The high-flying days of pre-Y2K seem a distant, fairy-tale like memory. IT has gotten far more complex. Capital budgets continue to shrink, corporate greed continues unabated, shareholder gain is as strong as ever, and the demands on IT have naturally increased to meet such demands. The demands on our time are ever greater. Yet we must still make time for training on new products and technologies, for how else are we to continue to dream about the IT glory days of the 90’s?
Perhaps you have also noticed as well that budget constraints are causing us to rethink how we get training on the latest technologies. It is not always possible to take a week off work to take a class each time a new OS version is released, and additional weeks to receive instruction on all the individual components. Now it is expected that we somehow become proficient in dozens of applications from a score of vendors and implement the latest technologies while continuing to support legacy systems and contribute to the IT community.
A reader recently sent me an email after reading some of my articles on SearchDomino.com on virtualizing Domino servers. He was wondering what IBM’s official stance is on virtualizing Domino servers in VMware.
Here’s the back story: He has a pretty nice existing VMware environment consisting of 18 version 3.5 hosts connected to a Cisco Fibre Channel fabric and EMC Clariion CX3-80 and CX4-480 storage arrays. Despite having a beefy, established VMware infrastructure, his organization is preparing to spend a good deal of money on new physical servers for a Domino upgrade to version 8.x. The reason for this is that the Domino administrators have told management that Lotus will not support a virtualized Domino environment. The person who wrote to me is trying to convince them to at least virtualize part of the Domino environment using their existing ESX hosts to save money. Continued »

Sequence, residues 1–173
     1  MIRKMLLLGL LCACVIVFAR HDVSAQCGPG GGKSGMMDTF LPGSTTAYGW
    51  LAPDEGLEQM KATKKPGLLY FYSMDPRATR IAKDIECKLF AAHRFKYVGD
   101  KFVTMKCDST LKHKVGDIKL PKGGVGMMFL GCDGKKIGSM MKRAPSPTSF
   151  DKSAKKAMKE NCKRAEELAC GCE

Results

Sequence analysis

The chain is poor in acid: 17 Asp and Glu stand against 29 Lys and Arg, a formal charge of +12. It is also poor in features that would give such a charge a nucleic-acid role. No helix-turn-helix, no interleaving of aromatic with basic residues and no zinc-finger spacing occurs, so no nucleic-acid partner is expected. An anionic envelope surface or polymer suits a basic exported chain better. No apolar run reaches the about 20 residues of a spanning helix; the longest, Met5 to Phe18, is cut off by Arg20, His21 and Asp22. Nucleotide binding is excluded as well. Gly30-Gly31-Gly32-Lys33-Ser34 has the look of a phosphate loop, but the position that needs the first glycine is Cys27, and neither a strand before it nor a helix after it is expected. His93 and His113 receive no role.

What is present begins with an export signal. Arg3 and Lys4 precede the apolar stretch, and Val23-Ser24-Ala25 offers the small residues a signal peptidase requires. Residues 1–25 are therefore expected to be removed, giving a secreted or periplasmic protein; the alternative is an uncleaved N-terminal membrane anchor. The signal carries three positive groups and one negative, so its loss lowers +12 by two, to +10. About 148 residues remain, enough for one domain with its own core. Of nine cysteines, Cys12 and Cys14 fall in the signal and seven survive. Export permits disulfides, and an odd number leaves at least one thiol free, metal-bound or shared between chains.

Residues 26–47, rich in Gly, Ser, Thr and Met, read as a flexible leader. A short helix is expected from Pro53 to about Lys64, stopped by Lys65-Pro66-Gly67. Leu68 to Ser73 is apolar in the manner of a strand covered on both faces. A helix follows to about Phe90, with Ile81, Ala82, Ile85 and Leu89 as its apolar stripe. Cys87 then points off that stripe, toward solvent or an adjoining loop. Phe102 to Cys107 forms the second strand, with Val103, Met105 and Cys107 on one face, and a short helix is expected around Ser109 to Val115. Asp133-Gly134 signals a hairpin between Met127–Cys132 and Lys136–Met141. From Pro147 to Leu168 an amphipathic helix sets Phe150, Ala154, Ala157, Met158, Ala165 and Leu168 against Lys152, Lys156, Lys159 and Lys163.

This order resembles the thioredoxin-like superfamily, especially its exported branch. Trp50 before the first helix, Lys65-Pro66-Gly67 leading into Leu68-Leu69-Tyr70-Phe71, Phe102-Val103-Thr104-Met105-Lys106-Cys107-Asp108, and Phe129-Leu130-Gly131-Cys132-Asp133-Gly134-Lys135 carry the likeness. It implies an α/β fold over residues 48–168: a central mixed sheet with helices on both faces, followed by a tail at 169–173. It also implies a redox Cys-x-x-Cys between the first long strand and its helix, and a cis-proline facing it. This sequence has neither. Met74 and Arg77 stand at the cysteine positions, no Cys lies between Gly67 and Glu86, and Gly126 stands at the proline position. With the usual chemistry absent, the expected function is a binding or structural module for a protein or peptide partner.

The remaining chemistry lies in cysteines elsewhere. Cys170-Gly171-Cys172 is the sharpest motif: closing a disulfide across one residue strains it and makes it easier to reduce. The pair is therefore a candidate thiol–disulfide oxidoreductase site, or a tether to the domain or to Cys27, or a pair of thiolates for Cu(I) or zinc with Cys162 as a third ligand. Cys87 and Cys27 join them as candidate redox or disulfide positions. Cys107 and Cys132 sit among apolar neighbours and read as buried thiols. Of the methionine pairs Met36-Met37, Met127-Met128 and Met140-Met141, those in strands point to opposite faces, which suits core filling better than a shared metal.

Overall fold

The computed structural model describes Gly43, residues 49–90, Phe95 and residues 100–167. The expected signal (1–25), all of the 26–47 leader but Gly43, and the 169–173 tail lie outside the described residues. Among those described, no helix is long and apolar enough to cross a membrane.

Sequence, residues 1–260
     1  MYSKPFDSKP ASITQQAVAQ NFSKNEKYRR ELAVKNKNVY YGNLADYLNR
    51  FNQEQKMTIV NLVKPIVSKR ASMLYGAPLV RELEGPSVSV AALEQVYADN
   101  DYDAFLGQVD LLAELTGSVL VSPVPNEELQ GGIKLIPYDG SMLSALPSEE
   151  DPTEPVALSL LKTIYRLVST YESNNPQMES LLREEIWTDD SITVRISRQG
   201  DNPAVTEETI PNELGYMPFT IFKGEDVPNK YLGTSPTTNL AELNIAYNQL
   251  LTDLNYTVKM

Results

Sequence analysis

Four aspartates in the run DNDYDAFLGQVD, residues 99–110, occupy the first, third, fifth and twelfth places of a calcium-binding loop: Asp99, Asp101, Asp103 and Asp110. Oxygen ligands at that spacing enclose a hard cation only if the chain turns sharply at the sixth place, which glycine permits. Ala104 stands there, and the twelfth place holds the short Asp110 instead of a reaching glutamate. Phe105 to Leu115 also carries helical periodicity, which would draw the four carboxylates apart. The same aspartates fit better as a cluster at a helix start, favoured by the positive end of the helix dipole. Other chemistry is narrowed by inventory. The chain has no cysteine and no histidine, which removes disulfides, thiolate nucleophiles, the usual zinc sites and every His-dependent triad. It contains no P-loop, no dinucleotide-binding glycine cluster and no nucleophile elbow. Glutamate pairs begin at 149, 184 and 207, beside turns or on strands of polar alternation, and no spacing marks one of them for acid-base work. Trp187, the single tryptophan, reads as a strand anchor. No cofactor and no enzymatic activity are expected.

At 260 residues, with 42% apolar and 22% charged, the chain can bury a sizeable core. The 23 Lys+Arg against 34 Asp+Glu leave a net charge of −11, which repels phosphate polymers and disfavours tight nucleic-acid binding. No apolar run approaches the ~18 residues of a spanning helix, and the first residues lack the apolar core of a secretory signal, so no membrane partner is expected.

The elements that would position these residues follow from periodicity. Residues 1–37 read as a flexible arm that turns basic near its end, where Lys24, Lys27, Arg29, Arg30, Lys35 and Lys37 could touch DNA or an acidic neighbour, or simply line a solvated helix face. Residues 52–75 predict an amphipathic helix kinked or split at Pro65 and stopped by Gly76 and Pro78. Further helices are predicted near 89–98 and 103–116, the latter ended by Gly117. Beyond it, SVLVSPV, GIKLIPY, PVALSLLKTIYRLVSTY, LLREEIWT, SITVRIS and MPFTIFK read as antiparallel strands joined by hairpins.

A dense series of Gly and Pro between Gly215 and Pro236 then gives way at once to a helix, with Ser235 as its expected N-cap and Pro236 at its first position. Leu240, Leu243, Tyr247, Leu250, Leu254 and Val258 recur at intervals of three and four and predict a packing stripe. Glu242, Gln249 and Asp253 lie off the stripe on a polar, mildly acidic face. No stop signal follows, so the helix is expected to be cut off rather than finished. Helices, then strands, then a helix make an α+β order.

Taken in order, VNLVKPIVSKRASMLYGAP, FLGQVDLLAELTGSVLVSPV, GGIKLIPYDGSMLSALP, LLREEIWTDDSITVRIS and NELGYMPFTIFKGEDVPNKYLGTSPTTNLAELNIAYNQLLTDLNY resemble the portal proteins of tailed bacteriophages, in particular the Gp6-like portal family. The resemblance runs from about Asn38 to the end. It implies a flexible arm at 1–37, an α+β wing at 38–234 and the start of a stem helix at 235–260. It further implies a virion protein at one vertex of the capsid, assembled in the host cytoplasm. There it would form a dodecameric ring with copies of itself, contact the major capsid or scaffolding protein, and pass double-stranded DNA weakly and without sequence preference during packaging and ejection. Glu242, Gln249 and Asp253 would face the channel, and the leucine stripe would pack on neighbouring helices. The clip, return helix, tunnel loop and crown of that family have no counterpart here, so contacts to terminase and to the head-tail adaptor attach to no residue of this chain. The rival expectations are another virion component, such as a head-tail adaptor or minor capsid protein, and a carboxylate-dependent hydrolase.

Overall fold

Fresh off the release of my recent SearchVMware.com tip on the inner workings of VMware’s vStorage VMFS, I came across a VMFS-hater blog post. I am a big fan of VMFS for VMware implementations, frequently referring to the popular clustered file system as the most underrated technology VMware has ever made. Continued »